Monday, July 12, 2010

Yes, Hayek supported a comprehensive system of social insurance

Will Wilkinson points to the interesting phenomena of some folks on the left discovering that Hayek supported a government-provided safety net. It will be even more interesting when people on the right begin realizing that as well. I've been writing about how my views have changed to supporting both a dynamic entrepreneurial market economy and an active government. Hayek was one of the influences on that change. Hayek:

There is no reason why, in a society which has reached the general level of wealth ours has, the first kind of security should not be guaranteed to all without endangering general freedom; that is: some minimum of food, shelter and clothing, sufficient to preserve health. Nor is there any reason why the state should not help to organize a comprehensive system of social insurance in providing for those common hazards of life against which few can make adequate provision.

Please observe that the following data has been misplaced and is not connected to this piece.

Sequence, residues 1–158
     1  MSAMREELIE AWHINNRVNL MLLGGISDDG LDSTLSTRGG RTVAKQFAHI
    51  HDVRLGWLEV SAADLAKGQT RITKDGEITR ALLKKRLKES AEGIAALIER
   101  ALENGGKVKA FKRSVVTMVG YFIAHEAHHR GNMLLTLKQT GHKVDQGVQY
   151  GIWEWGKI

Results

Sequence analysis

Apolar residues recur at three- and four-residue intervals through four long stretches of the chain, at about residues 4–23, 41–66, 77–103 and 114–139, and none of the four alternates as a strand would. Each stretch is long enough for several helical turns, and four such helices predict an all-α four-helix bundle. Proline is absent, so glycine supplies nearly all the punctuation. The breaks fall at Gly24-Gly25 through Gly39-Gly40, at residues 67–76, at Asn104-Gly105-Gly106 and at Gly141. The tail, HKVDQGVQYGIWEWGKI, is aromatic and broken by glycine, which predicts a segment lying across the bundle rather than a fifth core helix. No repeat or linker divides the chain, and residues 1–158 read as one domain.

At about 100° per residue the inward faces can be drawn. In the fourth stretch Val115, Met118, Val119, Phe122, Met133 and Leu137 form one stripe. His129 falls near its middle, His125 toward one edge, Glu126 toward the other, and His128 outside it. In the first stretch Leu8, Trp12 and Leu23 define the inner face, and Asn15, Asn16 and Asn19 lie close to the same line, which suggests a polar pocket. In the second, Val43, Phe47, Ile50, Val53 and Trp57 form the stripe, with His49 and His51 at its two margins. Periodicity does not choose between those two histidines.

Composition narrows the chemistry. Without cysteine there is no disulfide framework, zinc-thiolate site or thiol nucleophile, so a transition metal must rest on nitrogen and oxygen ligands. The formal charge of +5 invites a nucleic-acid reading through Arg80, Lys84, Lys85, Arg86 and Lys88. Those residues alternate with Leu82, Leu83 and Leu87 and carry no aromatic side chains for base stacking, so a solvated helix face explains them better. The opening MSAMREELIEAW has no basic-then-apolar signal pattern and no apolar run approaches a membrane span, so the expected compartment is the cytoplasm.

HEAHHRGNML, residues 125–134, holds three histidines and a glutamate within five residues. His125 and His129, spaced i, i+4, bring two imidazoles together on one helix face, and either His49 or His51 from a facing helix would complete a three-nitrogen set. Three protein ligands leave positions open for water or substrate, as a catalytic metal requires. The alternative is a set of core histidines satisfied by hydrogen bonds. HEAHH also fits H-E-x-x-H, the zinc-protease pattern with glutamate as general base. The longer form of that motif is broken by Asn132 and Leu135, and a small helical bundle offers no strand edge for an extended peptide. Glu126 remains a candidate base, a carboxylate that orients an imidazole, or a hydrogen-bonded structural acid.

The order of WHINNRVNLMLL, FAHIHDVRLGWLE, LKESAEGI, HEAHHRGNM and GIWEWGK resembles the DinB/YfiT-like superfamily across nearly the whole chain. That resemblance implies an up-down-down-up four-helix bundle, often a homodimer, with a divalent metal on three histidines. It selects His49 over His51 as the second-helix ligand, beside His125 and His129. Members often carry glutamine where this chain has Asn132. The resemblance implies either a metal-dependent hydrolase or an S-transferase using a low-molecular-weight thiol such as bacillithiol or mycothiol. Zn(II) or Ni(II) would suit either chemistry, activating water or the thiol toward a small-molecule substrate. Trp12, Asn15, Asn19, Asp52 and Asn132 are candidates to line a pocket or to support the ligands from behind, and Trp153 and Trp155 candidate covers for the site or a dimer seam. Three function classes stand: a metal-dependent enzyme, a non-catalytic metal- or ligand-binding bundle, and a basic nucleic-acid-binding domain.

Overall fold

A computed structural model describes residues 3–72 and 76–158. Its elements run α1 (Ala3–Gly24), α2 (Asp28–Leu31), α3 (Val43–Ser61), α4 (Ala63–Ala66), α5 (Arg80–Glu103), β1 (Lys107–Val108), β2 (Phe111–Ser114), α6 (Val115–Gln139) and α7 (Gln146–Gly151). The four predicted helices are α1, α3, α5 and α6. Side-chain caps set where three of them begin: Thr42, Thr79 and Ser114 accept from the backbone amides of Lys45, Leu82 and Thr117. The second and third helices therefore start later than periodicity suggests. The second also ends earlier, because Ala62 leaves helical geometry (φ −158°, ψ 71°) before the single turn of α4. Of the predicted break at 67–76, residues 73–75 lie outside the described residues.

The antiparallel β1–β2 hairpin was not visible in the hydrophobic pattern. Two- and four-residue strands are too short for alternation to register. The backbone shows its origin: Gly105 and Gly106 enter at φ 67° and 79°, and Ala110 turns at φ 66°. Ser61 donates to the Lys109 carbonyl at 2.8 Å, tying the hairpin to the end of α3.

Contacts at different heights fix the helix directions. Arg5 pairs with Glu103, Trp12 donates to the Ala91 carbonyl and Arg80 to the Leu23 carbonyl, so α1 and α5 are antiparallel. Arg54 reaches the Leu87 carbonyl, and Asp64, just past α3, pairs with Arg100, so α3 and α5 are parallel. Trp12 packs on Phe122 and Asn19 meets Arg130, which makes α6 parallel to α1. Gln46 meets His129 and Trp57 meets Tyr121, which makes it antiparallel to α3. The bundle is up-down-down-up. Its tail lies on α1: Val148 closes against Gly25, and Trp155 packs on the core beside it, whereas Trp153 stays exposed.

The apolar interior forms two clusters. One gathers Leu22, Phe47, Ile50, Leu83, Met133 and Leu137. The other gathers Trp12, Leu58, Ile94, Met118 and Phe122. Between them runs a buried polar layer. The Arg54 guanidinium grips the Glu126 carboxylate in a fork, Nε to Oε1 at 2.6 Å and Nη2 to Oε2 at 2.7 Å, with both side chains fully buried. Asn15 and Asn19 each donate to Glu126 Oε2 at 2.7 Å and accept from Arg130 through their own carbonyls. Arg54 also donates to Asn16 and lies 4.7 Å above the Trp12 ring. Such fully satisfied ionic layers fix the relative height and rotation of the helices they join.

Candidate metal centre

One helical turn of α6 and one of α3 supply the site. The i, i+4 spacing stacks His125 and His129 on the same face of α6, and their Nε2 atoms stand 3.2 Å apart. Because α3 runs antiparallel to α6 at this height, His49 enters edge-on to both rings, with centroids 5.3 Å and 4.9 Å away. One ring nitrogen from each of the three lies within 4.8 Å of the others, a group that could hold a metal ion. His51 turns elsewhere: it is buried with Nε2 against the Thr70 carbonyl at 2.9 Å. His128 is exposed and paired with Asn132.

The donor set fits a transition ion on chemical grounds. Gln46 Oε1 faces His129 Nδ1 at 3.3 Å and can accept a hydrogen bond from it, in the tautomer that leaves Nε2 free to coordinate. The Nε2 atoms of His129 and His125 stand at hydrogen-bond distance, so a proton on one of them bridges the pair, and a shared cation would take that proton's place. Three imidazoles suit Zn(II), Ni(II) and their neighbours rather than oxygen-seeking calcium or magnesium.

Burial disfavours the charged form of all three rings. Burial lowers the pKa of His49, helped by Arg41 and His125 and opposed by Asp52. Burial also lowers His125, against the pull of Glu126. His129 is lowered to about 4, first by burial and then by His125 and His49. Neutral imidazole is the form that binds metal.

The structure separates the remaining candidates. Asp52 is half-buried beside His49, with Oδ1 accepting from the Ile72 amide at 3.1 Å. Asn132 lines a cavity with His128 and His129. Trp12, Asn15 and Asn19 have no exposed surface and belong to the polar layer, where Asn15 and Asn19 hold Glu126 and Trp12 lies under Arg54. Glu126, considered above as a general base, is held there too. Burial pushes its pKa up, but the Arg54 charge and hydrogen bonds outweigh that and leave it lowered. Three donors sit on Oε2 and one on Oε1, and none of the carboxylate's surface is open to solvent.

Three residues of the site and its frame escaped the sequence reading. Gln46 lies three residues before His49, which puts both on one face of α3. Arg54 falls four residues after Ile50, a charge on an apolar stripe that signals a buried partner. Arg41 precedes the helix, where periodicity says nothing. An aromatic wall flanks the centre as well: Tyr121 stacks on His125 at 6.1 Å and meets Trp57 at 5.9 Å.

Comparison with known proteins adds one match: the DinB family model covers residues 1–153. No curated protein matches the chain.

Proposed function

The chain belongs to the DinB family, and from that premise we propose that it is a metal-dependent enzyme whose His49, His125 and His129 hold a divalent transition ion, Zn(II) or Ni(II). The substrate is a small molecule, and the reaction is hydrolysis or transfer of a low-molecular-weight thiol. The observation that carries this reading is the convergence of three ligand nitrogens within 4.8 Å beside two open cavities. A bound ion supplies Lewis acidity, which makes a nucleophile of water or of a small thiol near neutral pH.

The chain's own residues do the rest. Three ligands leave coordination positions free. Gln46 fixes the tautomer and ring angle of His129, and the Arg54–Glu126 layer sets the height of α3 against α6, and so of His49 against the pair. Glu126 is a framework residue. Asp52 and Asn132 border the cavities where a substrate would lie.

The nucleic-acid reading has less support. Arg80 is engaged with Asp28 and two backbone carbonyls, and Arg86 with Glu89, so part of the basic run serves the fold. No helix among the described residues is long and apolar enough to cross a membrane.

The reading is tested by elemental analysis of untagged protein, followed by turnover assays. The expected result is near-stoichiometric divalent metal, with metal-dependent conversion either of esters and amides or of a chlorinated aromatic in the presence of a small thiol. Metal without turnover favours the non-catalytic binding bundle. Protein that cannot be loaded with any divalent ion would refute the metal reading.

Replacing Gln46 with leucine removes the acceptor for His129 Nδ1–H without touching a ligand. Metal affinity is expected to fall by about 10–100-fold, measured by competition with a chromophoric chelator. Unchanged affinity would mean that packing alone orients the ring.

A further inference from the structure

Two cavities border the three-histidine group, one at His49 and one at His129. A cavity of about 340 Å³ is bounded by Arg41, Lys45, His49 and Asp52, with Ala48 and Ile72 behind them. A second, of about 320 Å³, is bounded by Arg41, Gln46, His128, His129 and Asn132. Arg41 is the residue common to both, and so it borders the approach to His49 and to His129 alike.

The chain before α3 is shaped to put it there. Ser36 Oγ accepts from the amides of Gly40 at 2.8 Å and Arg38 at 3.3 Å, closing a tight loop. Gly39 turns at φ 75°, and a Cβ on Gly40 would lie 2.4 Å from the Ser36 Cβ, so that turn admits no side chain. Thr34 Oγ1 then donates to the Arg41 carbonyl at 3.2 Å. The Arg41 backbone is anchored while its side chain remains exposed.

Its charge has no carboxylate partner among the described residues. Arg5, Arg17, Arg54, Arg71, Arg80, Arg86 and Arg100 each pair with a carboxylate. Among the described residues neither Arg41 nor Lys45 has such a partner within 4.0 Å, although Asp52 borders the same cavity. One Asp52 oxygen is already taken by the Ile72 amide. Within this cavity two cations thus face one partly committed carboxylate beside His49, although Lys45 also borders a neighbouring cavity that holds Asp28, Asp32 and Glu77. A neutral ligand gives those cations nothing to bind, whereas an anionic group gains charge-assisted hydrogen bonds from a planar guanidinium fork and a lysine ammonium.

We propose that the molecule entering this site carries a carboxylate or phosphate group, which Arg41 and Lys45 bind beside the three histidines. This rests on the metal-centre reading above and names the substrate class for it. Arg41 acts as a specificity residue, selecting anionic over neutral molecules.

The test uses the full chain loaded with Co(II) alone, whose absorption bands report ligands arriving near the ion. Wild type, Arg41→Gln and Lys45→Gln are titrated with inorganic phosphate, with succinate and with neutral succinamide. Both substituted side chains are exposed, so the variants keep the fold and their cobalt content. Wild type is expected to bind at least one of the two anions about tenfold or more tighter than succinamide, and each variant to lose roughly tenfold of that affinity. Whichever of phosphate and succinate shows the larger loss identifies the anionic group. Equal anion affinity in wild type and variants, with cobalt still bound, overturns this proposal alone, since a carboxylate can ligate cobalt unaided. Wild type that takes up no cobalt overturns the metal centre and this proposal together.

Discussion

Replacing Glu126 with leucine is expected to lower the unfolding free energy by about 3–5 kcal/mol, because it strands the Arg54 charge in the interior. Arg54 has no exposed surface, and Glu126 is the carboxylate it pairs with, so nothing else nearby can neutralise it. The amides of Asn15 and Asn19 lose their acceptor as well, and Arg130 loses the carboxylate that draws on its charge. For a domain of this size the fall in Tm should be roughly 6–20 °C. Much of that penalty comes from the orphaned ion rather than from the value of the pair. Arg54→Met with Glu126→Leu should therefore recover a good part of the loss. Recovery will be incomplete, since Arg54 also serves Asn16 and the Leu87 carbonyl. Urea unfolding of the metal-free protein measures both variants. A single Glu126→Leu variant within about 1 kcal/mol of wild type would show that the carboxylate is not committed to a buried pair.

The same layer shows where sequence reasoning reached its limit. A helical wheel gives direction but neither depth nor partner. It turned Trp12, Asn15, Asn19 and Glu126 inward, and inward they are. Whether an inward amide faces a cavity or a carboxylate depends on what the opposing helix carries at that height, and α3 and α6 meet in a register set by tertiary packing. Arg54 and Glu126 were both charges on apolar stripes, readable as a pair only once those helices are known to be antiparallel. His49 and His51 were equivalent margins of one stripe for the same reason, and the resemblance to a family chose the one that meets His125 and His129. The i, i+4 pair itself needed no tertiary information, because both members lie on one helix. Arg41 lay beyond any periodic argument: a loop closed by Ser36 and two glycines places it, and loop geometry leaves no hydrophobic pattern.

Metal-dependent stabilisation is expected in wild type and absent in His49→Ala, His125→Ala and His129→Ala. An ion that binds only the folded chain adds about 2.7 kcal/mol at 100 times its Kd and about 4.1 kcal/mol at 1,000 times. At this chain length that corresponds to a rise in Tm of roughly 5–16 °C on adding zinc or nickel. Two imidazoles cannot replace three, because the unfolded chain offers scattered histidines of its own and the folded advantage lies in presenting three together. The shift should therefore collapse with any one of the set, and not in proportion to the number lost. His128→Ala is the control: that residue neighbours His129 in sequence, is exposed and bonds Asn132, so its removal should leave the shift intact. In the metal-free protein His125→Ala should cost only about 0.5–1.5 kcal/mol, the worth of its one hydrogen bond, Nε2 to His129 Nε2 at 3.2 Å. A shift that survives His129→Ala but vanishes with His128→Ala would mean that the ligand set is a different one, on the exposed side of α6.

Wilkinson comments:

What Hayek had in mind was a competitive market in risk-rated insurance and a competitive market in medical services. No price controls. Let the markets rip. Mandate a certain minimum level of insurance coverage. If you’re uninsurable or can’t afford a policy, then the state pitches in.

Our political debates would be better if we were trying to figure out how to get the best out of both markets and the government rather than being trapped in the never-ending food fight between an uncompromising anti-government right and anti-market left. Hayek offers us a good base to work from.

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